The pedagogies we use must educate to protect the planet, build communities and support people by connecting them with others, unleashing their potential for positive change and action. It is needed now more than ever.
UNESCO’s report from November 2021 Reimagining our futures together – a new social contract for education (UNESCO 2021) calls for transformation of education. It strives to respond to the exigencies of the present and the future.
“We need to take urgent action to change course, because the future of people depends on the future of the planet, and both are at risk,” says the UNESCO Director-General in reflection of the state of education today which, calls dialogue and actions for change.
One of the calls for dialogue and action reads, “Pedagogy should be rooted in cooperation and solidarity, building the capacities of students and teachers to work together in trust to transform the world.”
This is not a matter of disciplines and lesson plans and exams, but recognizing that pedagogy is capable of transforming both students and teachers as they learn from and with each other. The pedagogical approach can either prohibit, limit or promote transformations.
It is of immense importance that UNESCO makes this call. For many years, focus has been on individual success, economic growth and responding to the needs of the labour market, and standardization of content and methods and strict test regimes have spread throughout the world.
The shift in focus, has come at a high cost. Teachers have started planning their teaching to respond to the tests, adjusting so that students hopefully would pass them – and the collaborative learning, the life-line of the school has been lost in the process. In several western countries, it has been shown that students have not become better at the basic skills the test regime set out to improve, and collective experiences and social capabilities have decreased significantly. One international study found that children in Denmark who had been taught in the national test regime for four years, were significantly worse off than the similar group before that system was introduced. Another result has been that teachers are significantly less happy with their job. Young children with stress symptoms and anxiety is a phenomenon almost unknown before.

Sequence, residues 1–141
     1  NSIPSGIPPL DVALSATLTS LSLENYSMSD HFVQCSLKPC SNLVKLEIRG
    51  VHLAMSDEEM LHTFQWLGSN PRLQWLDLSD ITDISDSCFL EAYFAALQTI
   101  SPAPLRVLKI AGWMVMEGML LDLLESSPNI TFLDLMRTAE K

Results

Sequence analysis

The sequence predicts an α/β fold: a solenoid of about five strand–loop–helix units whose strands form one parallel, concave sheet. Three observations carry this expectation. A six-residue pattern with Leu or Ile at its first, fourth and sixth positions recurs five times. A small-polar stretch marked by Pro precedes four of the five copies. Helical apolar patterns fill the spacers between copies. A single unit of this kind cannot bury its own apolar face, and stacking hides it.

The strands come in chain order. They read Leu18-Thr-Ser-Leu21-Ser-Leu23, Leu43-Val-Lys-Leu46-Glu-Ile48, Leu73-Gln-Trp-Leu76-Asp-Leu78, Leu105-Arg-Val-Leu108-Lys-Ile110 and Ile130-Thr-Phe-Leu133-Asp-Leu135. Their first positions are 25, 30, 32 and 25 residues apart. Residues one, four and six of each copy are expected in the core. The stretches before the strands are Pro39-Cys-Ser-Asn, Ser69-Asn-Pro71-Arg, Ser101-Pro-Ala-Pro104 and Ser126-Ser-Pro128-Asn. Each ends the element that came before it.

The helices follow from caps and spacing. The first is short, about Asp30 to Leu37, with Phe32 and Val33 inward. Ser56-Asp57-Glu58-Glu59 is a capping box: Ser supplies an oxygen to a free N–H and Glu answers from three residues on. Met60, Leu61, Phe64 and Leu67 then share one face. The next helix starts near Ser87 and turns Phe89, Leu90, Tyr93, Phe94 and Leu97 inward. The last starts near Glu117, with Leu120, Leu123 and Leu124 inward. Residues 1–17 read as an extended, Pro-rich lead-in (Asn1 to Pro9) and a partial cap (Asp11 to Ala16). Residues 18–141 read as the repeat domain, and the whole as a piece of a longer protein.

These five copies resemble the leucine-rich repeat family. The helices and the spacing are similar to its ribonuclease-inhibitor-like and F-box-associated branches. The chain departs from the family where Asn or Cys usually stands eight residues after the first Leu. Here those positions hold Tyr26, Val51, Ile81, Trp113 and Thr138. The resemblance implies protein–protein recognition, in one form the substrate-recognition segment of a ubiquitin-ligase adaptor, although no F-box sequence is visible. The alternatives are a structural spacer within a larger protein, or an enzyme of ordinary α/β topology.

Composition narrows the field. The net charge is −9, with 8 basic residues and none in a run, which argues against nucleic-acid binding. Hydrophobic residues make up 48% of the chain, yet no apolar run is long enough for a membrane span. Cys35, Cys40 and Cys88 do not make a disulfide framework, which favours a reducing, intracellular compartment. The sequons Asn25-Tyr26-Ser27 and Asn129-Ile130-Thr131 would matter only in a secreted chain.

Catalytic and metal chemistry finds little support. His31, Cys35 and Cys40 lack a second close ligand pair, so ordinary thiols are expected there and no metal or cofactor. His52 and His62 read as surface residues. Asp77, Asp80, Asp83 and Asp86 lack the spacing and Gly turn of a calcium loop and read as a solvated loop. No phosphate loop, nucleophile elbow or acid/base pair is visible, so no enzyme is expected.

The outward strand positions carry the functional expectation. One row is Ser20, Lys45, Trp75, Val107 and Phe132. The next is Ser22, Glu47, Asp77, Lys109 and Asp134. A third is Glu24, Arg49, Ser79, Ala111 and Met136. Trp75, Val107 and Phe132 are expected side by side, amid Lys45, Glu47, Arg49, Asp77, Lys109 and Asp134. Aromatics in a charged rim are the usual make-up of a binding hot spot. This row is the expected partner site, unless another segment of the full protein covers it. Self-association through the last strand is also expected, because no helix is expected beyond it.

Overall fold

Since 2000, when OECD introduced the PISA [Programme for International Students Assessment] tests and started ranking countries, schools and teachers according to standardized test results of 15-year-olds across up to 80 countries, the curriculum development world-wide has been subject to a level of hegemony not previously known within education. Countries in the global south have often depended on donor funding, and donors demanded from the receiving countries that they align with competence-based, test-oriented and standardized education models promoted in most western European countries.
While the UNESCO report may be seen as an expression of doubts risen against this kind of education over the years, there is no doubt that it will gain bigger influence in countries with more resources for education than in countries that already struggle to make ends meet in the education sector – countries that often just have adjusted their national curricula to the hegemony of competence-based and test-oriented teaching. It will take years to change it, because it is expensive and it is a long process.
In Humana People to People, we want to contribute to the much-needed transformation of education called for by UNESCO. We have a lot to offer.
Our pedagogical practice strives to educate students of all ages to protect the planet, build communities and support people by connecting them with others, unleashing their potential for positive change and action.
In 70 education institutions and 146 other teaching and learning projects in operation, reaching 1.2 million people on 12 countries, we follow a strategy that is broad, inclusive and innovative. We believe that students and teachers must learn together in and with their communities, and that they must test and refine what they learn in the encounter with actions of change in the daily reality of life.
We see education as a common good and give long-term support to public education, seeking to inspire and complement it, so that teachers, students, parents, education institutions, education officials and Ministries of Education can draw inspiration from direct and indirect cooperation with Humana People to People schools and education projects.
In the coming weeks we will share our experiences here on our website and on our other social media channels.